Eventually, I began to take on more complex projects, such as the Mosaic Diamonds Rug, the Adirondack Socks and the Honeycomb Socks.  For these types of projects, my notes were useful for making sure that I worked the same number of rounds on the cuff or foot on sock 2 that I did on sock 1. I made the Day to Evening Shrug in the May 2009 issue of Crochet! magazine, and my notes became more involved because I tracked the number of stitches that I should have after each increase or decrease row, as well as tracking the number of rows on the fronts and back. This project was worked with a 4-row repeating pattern, so I also needed to know which row I'd worked last.

 Basically, I used my notes to keep track of where I'd been so I could go to the same place on another piece.

And I was happy.  I was well-adjusted.  I was successful.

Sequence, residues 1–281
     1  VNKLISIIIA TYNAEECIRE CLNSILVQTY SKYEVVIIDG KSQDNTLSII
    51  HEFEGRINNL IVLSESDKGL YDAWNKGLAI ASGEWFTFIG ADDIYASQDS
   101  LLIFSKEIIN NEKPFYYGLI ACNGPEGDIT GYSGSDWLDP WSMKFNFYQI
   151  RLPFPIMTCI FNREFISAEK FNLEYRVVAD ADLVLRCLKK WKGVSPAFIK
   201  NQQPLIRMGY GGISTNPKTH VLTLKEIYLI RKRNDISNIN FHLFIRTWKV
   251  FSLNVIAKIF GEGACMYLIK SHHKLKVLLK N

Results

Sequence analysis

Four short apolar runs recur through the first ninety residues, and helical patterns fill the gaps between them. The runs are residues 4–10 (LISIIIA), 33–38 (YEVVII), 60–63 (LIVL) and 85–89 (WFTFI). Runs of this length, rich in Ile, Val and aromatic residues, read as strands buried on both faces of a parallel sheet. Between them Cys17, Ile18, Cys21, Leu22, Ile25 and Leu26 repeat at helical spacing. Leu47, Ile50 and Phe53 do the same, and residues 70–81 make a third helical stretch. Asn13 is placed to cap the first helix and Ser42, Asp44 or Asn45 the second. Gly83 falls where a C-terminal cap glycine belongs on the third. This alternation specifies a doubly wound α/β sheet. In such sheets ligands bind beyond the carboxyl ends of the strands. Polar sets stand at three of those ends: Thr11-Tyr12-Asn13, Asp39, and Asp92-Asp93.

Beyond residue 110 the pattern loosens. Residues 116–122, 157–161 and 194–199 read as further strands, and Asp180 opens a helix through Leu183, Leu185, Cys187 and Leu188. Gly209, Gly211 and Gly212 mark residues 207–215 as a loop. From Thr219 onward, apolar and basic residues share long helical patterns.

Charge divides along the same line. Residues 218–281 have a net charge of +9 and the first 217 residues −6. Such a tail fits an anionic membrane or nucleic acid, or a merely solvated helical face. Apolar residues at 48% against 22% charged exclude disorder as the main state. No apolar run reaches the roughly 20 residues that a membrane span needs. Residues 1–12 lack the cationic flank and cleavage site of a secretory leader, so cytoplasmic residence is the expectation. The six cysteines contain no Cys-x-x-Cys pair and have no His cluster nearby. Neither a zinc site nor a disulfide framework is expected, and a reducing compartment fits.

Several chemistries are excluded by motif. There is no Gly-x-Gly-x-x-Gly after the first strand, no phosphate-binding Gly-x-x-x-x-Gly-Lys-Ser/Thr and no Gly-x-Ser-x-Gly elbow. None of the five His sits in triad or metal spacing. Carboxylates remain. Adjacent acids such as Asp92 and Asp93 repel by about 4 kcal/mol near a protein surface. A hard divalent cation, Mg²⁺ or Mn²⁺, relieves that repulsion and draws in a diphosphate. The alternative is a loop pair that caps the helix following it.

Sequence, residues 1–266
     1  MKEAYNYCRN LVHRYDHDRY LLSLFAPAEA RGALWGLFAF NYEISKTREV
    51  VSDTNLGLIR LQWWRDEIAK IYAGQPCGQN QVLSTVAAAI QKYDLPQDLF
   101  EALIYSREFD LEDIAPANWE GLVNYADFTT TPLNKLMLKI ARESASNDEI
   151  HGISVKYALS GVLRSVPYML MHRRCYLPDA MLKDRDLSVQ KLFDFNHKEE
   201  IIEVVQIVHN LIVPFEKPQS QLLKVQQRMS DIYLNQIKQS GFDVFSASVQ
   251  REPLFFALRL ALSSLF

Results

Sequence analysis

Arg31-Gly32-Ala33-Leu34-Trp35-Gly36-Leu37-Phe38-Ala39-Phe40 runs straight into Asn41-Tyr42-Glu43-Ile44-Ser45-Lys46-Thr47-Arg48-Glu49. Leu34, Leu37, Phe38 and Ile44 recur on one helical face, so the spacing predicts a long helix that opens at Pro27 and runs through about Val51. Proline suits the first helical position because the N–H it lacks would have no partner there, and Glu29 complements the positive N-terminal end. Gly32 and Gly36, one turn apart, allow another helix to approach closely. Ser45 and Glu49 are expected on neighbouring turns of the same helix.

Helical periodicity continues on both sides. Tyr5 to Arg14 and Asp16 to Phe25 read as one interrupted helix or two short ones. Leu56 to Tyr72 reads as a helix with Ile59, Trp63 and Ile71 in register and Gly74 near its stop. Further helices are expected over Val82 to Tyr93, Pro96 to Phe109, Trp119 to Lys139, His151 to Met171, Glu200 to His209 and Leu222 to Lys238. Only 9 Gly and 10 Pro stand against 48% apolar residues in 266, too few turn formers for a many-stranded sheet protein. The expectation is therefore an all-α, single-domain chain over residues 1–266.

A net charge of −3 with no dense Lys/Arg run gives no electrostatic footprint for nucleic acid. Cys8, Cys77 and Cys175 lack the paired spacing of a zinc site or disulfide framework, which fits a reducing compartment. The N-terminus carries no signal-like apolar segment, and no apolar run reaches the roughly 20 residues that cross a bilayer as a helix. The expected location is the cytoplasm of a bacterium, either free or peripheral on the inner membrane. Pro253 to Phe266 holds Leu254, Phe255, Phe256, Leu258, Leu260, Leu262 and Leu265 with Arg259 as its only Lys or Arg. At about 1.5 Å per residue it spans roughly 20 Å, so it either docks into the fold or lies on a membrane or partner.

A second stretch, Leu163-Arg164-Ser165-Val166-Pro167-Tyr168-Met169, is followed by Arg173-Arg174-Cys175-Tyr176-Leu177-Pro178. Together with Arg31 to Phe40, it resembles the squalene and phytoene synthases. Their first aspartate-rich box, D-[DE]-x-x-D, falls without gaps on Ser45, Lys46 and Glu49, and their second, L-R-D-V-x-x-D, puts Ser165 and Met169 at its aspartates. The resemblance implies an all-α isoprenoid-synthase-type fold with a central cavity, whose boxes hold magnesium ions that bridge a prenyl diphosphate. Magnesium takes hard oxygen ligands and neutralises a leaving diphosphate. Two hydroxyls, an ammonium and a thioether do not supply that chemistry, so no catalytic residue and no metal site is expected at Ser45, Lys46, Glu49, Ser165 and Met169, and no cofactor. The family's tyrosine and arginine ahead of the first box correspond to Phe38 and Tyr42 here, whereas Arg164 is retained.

And then I began to knit more often.  Knitting did not come as easy to me as crochet.  I felt all fumbles with TWO needles and all those live stitches (but that is a post for another day).

The projects that I knitted were garments, so each piece had to fit together with more pieces.  In addition, I was not as quick to decipher the knitting language of patterns. Counting the number of rows worked was and is still harder for me with knitting than crochet.  Confusion and frustration were in abundance.

Quite by accident, I discovered the value of what I call Planning Your Project. I had decided to make a top for a second time and my notes were all ajumble. I sat down with a spiral notebook and began to put the pattern instructions into bullet form for each section of the garment.  Essentially, I built a road-map for where I needed to go.  The cool thing is that this road-map also served as my tool to keep track of where I'd been.